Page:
Monday, March 30, 2009

Lotions: Emulsification - what's that then?

A few times I've mentioned using polysorbate 20 or 80 to mix your oils into water. But what are these ingredients? They are emulsifiers. (If it's in bold, you know it's important!)

Normally, oil and water don't like to mix. Water is polar, oil is non-polar, so the oil just floats on top of the water, not mixing and being all oppositional to each other. If we add an emulsifier - an ingredient that is both hydrophilic and lipophilic (water loving and oil loving) -- it will bring the two together in a stable mixture.

Why does this matter? Because bringing together water, oil, emulsifier, and other goodies makes a creamy concoction that will be your skin's best friend. Learning how to emulsify is the key to making your first lotion.

If you made the water soluble make-up remover or the water based fragrance spray, you've already used an emulsifier (polysorbate 20). If you made the conditioner, you've actually made a lotion using BTMS as the emulsifier to bring together the water and silicones, oils, and fragrance or essential oils!

We need three things to emulsify our lotion properly.
  • Chemical emulsification - choosing a good emulsifier will save you heartache in the end. If you want to learn more about emulsifiers, the HLB (hydrophilic-lipophilic balance chart) is a great place to start, but I generally choose emulsifying wax as it is a good all around emulsifier for basic lotions. (Polawax, emulsifying wax, and BTMS-50 are all-around emulsification systems, so they're easy to use).
  • Heat emulsification - we have to heat our ingredients up to a place where they are happy to emulsify.
  • Mechanical emulsification - we have to blend our ingredients together using a hand or stand mixer or stick blender.
I like to make oil in water lotions, meaning the droplets of oil are suspended in a water base, so there is far more water in the recipe than oils. (Water in oil recipes are thicker, like cold cream, and require different emulsifiers to work well.)

WHAT DOES AN EMULSIFIER LOOK LIKE?
The three emulsifiers I've mentioned above come in "pellet form", so they need to be melted. Non-Polawax emulsifying wax can be in flake format as well. So they need to melt before they are useful. Other emulsifiers come in other forms - polysorbate 20 and 80 are liquid.

HOW TO MAKE LOTION
In the recipe below, you'll see 3 "phases" or categories of ingredients.

Oil phase: These are the ingredients you'll weigh in your Pyrex jug then heat to 70C in your double boiler. This contains all the ingredients that play well together as oils and need to be heated. In your oil phase you will put your oils, butters, emulsifiers, co-emulsifiers, thickeners, and oil soluble goodies.

Water phase: These are the ingredients you'll weigh into your Pyrex jug then heat to 70C in your double boiler. This contains all the ingredients that are water based and need to be heated. In your water phase you'll put your water, hydrosols, aloe vera, witch hazel, sodium lactate, and other water soluble goodies.

Cool down phase: These are the ingredients you will add to your emulsified mixture when it has cooled below 45 - 50C. This phase will include your hydrolyzed proteins, panthenol, fragrance or essential oils, preservative, silicones, and other heat sensitive ingredients.

SUPPLIES YOU'LL NEED FOR GENERAL LOTION MAKING
  • A scale - you can get a decent one from London Drugs or a kitchen supply shop or Voyageur for $40 or so. (You will see recipes in volume format, but weighing is far more accurate, especially for smaller quantities like preservatives or fragrance oils).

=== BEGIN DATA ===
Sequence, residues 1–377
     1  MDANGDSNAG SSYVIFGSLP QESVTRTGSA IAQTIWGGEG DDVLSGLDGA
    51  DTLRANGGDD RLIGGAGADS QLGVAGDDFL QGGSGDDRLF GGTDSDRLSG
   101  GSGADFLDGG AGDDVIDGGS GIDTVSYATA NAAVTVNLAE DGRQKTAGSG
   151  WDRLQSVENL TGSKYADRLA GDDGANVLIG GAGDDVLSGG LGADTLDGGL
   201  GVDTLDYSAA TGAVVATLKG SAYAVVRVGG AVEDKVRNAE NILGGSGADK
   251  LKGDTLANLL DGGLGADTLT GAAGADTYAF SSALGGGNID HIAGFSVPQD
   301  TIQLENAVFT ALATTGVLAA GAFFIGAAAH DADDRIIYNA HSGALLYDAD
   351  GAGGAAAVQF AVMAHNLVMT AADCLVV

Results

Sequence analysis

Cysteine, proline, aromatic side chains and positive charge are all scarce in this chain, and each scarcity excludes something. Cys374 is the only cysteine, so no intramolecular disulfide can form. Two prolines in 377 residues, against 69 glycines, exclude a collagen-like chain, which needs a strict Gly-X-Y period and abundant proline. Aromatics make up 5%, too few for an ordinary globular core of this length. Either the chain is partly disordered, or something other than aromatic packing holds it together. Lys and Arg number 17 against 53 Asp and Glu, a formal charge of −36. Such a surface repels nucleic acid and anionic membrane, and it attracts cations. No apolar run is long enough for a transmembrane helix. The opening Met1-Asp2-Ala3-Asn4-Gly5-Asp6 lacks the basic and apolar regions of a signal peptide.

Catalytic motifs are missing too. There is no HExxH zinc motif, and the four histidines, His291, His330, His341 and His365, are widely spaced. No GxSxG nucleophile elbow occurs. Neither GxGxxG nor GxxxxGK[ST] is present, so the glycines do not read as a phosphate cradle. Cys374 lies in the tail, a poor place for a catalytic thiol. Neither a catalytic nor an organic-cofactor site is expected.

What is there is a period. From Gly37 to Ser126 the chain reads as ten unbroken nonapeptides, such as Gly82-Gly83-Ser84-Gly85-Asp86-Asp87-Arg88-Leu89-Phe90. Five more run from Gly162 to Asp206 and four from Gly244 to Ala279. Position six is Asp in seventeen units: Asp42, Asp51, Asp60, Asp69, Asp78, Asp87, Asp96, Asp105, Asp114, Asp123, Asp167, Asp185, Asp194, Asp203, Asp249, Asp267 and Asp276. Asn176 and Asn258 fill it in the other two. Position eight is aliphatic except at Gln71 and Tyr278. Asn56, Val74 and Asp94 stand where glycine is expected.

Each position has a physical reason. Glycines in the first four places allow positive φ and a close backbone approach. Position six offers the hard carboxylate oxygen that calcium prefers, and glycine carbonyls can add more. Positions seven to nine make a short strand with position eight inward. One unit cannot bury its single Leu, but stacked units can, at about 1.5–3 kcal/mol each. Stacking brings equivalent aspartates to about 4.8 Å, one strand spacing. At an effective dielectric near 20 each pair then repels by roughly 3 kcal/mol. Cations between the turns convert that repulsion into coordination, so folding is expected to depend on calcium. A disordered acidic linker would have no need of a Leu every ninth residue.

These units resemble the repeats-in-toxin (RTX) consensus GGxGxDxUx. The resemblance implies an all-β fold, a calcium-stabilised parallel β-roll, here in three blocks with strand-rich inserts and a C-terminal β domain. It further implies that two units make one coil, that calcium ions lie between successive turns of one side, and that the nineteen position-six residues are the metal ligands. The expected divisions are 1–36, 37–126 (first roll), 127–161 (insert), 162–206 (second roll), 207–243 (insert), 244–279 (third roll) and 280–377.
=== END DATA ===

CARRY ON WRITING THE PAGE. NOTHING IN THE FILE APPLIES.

• Pyrex jugs or other heat proof jugs or stainless steel pots. At a minimum, have 2 - 2 cup jugs (but you'll want more!)
  • Spoons - Metal spoons you only use for making things. Go to a restaurant supply store and get 50 for $5.00.
  • Stick blender or mixer with beater attachments (for lotion) or whisk attachments (for mousses)
  • Candy thermometer - inexpensive, accurate, and good for testing temperatures
  • A funnel to pour the lotions into bottles
  • A bottle (new and clean). Get these from the dollar store or from your local supplier.
EXAMPLE RECIPE
OIL PHASE
20 grams of oil
5 grams of emulsifier (I prefer Polawax)

WATER PHASE
75 grams of water

COOL DOWN PHASE
preservative
fragrance

Use 25% of your oil amount in emulsifier. So for 20 grams of oil, we'll want 5 grams of emulsifying wax.

1. Weigh your oil and emulsifier in a heat proof container. Put into the double boiler.

2. Weigh your water in a heat proof container. Put into the double boiler.

3. Heat the oil and water until they reach a temperature of 70C and hold for 20 minutes. This ensures any badness (bacteria, etc.) will be heated out of your mixture. (This is called the heat and hold method.)

4. After 20 minutes, you will want to pour the oil phase and water phase into a heatproof container and mix with an electric mixer for 3 to 5 minutes. The mixture will be hot. (You can pour your water phase into your oil phase if you don't have many Pyrex jugs lying around!)

(This is the point of emulsification - watch! The water and oil come together in a creamy white mixture the moment you pour the oil and water phases together. You've got lotion. We still need to work on the mechanical emulsion - using the mixer - but right now you're seeing the moment the water and oil stop hating each other and learn to live together!)

5. I leave the lotion in a safe place to cool for about 10 minutes, then I check the temperature. I mix it again.

6. I like to leave it for a few minutes, then mix again. (I think I'm obsessed with mixing, to be honest.)

7. When the temperature is below 45 to 50C, add the heat sensitive ingredients like fragrance or essential oils, preservatives, silicones, and hydrolyzed proteins.

BUT WAIT!
This is not actually a recipe I want you to follow. This is a sample recipe so you can see the basics of lotion making. This doesn't have a preservative (ESSENTIAL FOR LOTION MAKING) or any goodies for your skin.

WHY CAN'T I USE POLYSORBATE 20 OR 80?
You said it was an emulsifier, and I have tons of it lying around from other projects!

This is what is called a high HLB emulsifier - it has a value of 16.7. If you want to use it, you would have to pair it with another emulsifier, a low HLB emulsifier like glycol distearate (1) and do all kinds of math and create the perfect balance between the low HLB emulsifier and the high HLB emulsifier. Once you've mastered using Emulsifying Wax NF, Polawax, or BTMS, and you want a challenge, you'll probably want to learn more about how to make your own emulsifiers.

If you find this all very interesting, then check out the great post at Lotioncrafter.com on the HLB System (created by the most amazing cosmetic chemist, Maurice, whose work has inspired me to learn more!)